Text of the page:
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"Super Bacteria" Variants Invading European Countries

29 June 2007

EU - European consumers may have to live life on tenterhooks once again. According to a report published on June 25th, by a British organic food advocacy organization, "Soil Association," a new type of "super bacteria" variant (MRSA) was found in countries including the Netherlands, Denmark, Belgium, and Germany.

Moreover, some meats infected with these bacteria were discovered in slaughterhouses in the Netherlands. Nearly half of pig farms were found carrying the bacteria. Given this grim situation, the organization believes that a large number of meat products in British supermarkets, that have been imported from the Netherlands, such as pork, beef and chicken, may have been infected with the "super bacteria" MRSA. Therefore it has urged the British government to quarantine the country's imported meat products.

Bacteria variants blustering in the Netherlands

MRSA is an abbreviation for Methicillin-Resistant Staphylococcus Aaureus. Since it was first discovered in 1961, MRSA became one of the most highly infectious pathogens within hospitals in the world in late 1980s. In 2005 alone, 3,800 people died from an MRSA infection in Britain. According to the "Soil Association," MRSA found in the Netherlands, Denmark, Belgium and Germany is different from the one found in the United Kingdom. It is a new form of Staphylococcus aureus, known as ST398. It has developed a resistance commonly used antibiotics. ST398 can cause skin infections, as well as infect the heart and bones.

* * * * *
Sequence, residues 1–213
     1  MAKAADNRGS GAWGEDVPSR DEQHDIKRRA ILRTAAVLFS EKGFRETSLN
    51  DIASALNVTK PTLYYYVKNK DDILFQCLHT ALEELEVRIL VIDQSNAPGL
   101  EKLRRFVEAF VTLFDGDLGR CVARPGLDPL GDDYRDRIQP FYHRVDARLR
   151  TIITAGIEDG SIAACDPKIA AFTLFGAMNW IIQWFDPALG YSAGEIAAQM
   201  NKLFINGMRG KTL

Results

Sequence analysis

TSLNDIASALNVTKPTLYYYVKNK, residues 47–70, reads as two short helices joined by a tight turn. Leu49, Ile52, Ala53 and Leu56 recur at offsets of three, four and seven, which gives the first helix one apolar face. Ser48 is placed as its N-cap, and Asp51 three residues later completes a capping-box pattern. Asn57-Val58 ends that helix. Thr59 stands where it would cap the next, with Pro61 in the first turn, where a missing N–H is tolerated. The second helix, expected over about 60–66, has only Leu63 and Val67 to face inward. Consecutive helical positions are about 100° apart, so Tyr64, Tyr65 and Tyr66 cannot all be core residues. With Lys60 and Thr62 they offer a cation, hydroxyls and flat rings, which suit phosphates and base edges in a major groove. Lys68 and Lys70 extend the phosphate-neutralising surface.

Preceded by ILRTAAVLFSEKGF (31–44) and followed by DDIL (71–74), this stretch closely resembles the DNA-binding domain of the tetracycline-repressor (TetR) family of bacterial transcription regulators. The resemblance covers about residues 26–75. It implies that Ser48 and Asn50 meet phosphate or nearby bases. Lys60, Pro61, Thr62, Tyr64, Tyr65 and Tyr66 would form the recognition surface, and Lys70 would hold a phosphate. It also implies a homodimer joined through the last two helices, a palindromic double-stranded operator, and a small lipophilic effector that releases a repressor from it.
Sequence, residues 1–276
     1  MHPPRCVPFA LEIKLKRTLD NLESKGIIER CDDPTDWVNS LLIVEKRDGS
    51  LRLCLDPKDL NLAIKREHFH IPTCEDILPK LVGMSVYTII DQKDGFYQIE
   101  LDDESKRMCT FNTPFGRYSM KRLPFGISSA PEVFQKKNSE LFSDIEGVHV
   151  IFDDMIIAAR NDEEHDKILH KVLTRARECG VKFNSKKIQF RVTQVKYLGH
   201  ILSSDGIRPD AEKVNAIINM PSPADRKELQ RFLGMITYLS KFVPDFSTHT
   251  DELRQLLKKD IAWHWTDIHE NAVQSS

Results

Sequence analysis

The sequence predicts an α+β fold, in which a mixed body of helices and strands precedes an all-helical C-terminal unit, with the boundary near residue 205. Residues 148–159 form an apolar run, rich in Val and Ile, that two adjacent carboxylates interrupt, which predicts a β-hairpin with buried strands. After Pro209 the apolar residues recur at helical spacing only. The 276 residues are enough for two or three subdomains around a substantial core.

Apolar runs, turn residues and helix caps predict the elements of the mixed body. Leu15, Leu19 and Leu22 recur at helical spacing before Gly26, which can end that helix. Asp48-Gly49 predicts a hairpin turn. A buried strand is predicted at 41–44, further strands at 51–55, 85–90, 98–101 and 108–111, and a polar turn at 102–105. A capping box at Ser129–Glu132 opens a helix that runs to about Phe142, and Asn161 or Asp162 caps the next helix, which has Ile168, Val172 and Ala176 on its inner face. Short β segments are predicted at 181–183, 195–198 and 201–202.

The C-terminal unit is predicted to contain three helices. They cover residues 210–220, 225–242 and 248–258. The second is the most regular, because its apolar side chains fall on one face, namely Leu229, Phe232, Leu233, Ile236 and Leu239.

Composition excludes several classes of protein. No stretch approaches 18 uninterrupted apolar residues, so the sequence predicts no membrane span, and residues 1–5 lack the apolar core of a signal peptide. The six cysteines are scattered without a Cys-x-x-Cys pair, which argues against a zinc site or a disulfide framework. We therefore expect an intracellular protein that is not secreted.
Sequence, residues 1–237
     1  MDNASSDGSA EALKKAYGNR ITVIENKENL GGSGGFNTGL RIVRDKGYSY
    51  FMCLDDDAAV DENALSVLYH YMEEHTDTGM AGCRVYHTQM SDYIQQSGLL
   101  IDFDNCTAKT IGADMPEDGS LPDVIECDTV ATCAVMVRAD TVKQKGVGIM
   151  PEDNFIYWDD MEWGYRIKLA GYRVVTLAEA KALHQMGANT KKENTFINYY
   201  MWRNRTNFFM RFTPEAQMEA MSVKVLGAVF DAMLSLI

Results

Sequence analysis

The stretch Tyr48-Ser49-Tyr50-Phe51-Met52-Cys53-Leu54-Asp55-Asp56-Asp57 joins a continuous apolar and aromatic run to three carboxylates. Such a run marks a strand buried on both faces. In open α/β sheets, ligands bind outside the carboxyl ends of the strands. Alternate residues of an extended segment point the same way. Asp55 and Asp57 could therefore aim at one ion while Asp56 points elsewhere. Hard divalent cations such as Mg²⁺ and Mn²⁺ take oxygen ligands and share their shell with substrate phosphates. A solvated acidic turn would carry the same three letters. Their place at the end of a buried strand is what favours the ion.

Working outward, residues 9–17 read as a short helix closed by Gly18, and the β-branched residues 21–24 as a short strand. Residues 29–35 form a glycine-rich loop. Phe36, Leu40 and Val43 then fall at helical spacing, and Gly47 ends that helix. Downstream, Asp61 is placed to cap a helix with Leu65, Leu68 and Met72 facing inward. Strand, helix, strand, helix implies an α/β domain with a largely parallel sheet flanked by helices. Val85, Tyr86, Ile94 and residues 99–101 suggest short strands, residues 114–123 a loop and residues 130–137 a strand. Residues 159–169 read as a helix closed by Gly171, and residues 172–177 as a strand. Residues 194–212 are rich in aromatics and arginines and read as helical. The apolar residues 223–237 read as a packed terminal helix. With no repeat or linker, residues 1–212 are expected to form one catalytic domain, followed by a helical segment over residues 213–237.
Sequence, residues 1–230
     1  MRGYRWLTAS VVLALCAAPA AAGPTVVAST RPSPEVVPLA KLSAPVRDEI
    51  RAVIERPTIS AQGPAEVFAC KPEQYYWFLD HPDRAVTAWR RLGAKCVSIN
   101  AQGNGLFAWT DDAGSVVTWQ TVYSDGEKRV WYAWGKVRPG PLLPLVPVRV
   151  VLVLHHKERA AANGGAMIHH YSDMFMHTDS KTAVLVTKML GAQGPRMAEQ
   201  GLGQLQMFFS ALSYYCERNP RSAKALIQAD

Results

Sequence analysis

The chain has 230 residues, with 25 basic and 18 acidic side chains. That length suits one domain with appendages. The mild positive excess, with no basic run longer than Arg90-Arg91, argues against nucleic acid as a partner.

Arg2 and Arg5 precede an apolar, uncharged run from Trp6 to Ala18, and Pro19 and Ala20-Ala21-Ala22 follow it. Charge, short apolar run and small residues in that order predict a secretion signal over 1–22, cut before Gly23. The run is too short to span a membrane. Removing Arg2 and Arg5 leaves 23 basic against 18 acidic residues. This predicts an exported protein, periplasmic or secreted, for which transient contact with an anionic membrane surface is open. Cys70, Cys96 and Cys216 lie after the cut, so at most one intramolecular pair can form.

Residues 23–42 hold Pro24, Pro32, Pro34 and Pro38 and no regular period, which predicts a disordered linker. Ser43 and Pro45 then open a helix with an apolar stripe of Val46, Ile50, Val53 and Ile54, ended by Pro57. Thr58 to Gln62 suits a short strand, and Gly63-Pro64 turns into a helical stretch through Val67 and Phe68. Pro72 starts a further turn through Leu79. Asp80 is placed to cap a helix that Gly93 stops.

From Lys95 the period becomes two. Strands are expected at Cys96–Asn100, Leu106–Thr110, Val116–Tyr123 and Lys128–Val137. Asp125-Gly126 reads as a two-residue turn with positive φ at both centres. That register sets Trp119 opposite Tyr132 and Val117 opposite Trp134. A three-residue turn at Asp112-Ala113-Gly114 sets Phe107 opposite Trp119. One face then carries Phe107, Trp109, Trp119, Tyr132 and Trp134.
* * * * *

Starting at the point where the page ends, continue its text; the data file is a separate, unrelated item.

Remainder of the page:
The report said that about 39% of the pigs under inspection, in nine slaughterhouses in the Netherlands last year, tested positive for MRSA while in quarantine. The department responsible for food safety and production in the Netherlands has discovered in further tests that about 20% of pork, 21% of chicken, and 3% of beef products are carrying the bacteria. The Netherlands is a major exporter of animal products; it exports more than six million pigs annually to neighboring countries. What is of greater concern is that in the Netherlands, almost half of the pig farms were found to be carrying this new type of MRSA. The bacteria-carrying rate is 1500 times of that of the total population of the country. In this major pig-raising region, 80% of infections originated from livestock carrying the bacteria.

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Source: People's Daily Online

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